Boutiques specializing in crystal opening in Hawai'i
By Paula Rath
Advertiser Staff Writer
|Baccarat's red Hortensia necklace, left, on a gold chain with matching earrings. Red is the most precious color, crystal artisans say.
Swarovski pendants of lavender and aqua, right, reflect the company's style in cutting and faceting.
Deborah Booker The Honolulu Advertiser
Crystal jewelry classes
For those who love the look of crystal jewelry but can't afford the ready-made, bead shops often hold classes, enabling participants to go home with a completed Swarovski crystal piece.
Here are a few upcoming classes:
734-1182 or iBEADS.com
"Cute Crystal Rings": today, April 4, 18 and 25 at 10 a.m.
"Create-a-Cuff": March 28, 10 a.m.; April 9 and 16, 5:30 p.m.
842-7714 or DACSBeads.com
"Crystal Wire Cuff": Saturday, 9:30 a.m.
589-2600 or thebeadgallery.com
"Crystal Flower Bracelet": Thursday, 5 p.m.
"Clarine's Crystal Weave: Saturday, 10:30 a.m.
"Crystal Woven Bracelet": March 25, 5 p.m.
Two boutiques specializing in crystal opened recently at Ala Moana Center. Both have European pedigrees: Baccarat (pronounced BAH-cah-rah) from France, and Swarovski (pronounced Swa-RAV-ski) from Austria.
Let's be clear on one thing: These are not the crystals popular with New Age folks who believe they contain properties that transmit peace and harmony to humans. Those are the naturally occurring mineral variety, formed in a long-ago geologic past, now found in rocks, caves and cliffs.
Baccarat and Swarovski crystals are manmade from a type of glass, with formulas that required hundreds of years to perfect. The companies' jewelry collections have distinctly different looks. Baccarat is transparent, smooth and sophisticated, polished to perfection, while Swarovski specializes in multiple cuts and facets, creating a prismatic effect.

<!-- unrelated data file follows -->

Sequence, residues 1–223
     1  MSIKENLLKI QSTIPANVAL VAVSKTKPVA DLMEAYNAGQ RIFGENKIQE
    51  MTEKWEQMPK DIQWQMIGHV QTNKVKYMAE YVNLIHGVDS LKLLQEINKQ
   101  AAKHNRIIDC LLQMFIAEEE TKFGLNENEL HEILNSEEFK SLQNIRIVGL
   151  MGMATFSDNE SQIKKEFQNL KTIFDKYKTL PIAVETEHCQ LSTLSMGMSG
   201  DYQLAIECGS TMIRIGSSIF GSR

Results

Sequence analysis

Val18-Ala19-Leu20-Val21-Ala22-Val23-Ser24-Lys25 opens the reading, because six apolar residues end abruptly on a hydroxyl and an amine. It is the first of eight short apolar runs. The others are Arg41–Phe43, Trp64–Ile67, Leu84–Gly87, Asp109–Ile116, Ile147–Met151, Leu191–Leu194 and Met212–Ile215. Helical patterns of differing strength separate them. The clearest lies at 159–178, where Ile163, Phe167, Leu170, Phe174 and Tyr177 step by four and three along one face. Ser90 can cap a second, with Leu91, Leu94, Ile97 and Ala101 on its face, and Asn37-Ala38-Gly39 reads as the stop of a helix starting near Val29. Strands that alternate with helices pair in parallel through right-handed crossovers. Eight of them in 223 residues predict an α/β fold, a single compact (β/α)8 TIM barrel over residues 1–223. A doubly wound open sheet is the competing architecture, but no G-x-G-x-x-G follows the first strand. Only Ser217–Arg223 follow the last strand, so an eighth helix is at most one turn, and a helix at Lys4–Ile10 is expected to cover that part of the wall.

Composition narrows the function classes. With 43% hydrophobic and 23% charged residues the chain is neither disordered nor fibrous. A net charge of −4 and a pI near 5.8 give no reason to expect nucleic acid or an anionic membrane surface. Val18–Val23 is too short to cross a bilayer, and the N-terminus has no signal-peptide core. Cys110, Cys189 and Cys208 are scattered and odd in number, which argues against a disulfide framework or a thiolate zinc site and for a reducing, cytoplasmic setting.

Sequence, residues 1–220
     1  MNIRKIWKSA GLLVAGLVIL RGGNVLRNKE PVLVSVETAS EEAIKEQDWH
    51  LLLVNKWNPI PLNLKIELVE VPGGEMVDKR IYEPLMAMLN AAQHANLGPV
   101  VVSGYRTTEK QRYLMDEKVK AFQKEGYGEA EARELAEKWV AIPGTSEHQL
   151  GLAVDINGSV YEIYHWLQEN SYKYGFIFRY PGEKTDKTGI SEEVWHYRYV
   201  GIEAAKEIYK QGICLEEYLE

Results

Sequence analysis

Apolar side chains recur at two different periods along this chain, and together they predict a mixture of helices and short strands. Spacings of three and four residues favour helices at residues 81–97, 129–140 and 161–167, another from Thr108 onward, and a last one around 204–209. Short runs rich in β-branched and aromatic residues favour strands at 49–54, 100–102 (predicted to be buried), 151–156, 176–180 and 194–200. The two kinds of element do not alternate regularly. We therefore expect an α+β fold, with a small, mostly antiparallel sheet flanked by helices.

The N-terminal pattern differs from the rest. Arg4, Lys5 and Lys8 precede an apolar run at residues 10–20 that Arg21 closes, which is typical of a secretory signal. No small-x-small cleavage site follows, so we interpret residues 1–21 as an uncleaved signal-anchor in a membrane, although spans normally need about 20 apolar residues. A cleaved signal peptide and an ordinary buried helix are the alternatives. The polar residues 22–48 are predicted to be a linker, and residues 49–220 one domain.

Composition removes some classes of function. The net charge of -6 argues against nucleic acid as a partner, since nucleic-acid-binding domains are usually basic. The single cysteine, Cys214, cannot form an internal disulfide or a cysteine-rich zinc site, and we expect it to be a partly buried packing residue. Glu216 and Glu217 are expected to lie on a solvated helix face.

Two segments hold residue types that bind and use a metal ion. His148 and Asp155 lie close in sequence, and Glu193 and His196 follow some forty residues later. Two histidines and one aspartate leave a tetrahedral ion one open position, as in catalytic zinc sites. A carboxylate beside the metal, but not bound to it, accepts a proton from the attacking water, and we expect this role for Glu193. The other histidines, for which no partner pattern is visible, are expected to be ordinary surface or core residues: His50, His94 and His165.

Researchers disagree on the origin of crystal. Some believe it was introduced in Venice, Italy, around the 14th century. Others credit England in the 17th century.
Baccarat was founded in 1764, taking its name from the village at the foot of the Vosges mountain range where it was established. Swarovski, a family-run business, began in 1895.
For centuries, crystal was used strictly in objects for the home: stemware, barware and vases. It was introduced in jewelry during the early part of the 20th century when diamonds were all the rage, and fashion dictated the need for a less-expensive alternative.
Fashion designer Coco Chanel is often credited with the popularity of costume jewelry. It is said she made faux jewels and pearls not only respectable but desirable, paving the way for crystals in the world of fashion.
The passion for crystal grew in the 1920s, when beaded flapper dresses were the style. Designers Christian Dior and Elsa Schiaparelli worked with Swarovski to create innovative beading and trims for haute couture ensembles.
Swarovski will not reveal how its crystal is made. In fact, the company is so protective of its processes that its employees never witness the making of crystal from beginning to end.
On the other hand, Roland Saget, a technical expert with Baccarat in Paris, explained the process his company employs in an e-mail interview.
The base composition for Baccarat crystal includes:
- Sand (silica), 55 percent: the whitest, finest, purest silica available, prepared in Belgium exclusively for Baccarat. All metallic traces are eliminated so they will not tint the crystal.
- Potash (Potassium carbonate), 13 percent: a white mineral used instead of soda to give the crystal a more radiant shine.